Welcome poets, polemicists and disbelieving masses! New pants for old! The 2015 General Election made manifest changes that have been taking place in UK politics this century. Previous certainties like Labour’s Scottish hegemony are no more. Older patterns like the Conservative dominance of England have reasserted themselves. The idea of the UK as a single country has been replaced by a plurality of national, regional, generational and class identities.
The week after the election Bill Herbert and Andy Jackson decided to chart the responses of those unacknowledged legislators of the world – poets – to the new dispensation. For the first 100 days of the new government they published a poem a day on their New Boots and Pantisocracies blog, recording life under the new unrealpolitik. Now it is a book by over a hundred of the most compelling and distinguished poets of our time, including Sean O’Brien, Sheenagh Pugh, Daljit Nagra, Claudia Daventry, Ian Duhig, Michael Rosen, Polly Clark, Ian McMillan, George Szirtes and Malika Booker.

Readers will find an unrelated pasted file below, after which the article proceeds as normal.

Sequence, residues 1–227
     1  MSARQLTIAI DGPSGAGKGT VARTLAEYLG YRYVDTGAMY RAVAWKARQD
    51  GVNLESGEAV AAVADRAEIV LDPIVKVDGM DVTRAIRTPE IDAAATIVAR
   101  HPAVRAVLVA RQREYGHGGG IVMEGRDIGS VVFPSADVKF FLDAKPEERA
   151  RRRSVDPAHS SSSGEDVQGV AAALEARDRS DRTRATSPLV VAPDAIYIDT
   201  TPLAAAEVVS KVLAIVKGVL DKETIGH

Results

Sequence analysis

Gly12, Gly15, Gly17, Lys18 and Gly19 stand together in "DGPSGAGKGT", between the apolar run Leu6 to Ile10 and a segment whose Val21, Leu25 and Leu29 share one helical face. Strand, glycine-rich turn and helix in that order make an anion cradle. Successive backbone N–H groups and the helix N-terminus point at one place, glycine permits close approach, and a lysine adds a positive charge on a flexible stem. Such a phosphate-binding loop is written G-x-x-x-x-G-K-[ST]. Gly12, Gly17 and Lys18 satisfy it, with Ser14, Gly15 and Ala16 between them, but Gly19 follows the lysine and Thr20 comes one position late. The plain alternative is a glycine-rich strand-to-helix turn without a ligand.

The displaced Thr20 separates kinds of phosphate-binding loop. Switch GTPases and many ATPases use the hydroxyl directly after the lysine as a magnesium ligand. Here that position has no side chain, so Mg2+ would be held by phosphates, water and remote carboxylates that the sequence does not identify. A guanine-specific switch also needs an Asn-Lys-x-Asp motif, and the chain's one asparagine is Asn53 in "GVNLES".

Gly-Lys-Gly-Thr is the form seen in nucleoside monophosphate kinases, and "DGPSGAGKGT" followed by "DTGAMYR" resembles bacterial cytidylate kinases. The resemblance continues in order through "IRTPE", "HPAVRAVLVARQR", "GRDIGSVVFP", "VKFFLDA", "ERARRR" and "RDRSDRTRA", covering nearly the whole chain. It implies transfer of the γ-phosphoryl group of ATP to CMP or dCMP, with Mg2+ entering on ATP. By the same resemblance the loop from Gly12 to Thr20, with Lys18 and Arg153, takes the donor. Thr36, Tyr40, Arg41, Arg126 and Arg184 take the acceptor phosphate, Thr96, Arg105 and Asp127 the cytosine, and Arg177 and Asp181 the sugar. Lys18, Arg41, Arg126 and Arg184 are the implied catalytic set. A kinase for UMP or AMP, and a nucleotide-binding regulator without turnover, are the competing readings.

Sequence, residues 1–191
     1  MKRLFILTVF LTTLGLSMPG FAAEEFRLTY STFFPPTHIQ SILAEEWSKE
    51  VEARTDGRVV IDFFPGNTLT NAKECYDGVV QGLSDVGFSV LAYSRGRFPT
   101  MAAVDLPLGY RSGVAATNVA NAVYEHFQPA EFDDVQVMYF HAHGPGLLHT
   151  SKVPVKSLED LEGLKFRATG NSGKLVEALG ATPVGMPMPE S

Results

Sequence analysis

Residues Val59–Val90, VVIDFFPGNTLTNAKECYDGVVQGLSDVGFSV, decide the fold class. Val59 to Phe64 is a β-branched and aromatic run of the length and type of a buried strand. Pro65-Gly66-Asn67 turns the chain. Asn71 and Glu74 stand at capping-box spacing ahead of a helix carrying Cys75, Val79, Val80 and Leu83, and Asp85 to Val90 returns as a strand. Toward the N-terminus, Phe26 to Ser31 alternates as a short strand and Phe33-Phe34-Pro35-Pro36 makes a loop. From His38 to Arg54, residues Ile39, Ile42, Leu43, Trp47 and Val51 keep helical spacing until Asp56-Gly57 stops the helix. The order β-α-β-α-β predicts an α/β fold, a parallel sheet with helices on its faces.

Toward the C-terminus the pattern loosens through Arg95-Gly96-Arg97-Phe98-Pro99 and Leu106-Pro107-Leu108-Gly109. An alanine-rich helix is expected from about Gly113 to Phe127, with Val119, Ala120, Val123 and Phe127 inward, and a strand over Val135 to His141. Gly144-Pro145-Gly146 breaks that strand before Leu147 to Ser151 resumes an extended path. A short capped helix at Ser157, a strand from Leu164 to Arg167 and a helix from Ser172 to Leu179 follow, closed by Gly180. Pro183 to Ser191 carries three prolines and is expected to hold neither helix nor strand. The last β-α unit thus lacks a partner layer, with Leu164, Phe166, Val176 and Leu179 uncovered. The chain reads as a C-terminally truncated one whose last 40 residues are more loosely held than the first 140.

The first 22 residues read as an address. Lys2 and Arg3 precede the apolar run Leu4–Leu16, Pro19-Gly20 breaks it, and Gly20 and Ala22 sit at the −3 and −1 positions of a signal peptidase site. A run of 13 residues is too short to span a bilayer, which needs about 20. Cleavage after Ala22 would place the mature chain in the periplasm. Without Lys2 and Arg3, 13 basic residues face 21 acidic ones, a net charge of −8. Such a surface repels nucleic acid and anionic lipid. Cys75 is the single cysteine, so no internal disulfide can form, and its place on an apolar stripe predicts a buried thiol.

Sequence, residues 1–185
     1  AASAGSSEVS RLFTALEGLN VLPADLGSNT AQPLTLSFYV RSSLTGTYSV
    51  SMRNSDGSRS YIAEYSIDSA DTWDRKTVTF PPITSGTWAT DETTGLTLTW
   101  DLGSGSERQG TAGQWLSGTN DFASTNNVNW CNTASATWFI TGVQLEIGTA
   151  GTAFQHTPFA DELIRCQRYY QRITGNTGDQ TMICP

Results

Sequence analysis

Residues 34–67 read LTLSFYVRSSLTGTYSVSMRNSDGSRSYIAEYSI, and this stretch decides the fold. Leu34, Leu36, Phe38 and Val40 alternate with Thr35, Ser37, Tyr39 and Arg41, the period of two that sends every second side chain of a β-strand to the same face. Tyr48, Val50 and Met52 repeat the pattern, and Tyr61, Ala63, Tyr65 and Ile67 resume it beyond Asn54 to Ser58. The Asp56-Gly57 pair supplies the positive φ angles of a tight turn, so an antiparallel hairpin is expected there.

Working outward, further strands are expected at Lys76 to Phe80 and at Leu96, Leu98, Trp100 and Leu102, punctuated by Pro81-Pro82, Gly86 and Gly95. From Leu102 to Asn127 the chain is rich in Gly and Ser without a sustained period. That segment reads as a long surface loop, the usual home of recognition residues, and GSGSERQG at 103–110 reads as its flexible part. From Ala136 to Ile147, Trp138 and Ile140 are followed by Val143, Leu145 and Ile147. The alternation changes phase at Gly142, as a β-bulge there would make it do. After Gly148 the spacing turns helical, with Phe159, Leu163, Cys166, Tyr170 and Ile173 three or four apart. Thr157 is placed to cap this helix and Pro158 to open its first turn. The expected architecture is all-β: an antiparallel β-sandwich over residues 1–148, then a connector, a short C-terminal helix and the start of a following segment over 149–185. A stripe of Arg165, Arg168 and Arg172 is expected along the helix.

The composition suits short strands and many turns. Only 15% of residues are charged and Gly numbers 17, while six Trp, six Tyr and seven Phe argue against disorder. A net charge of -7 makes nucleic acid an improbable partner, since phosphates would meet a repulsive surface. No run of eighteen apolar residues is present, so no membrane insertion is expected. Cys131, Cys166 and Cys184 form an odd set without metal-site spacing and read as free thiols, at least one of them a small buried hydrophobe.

New Boots and Pantisocracies takes its name from the idealistic plans of Coleridge and Southey for a social utopia or ‘pantisocracy’, and from Ian Dury’s iconic first album, with its ironic and melancholy celebration of working class identity on the eve of the Thatcherite revanche. It is a book of poems and polemics, contraries and resistances, appalled but not entirely despairing.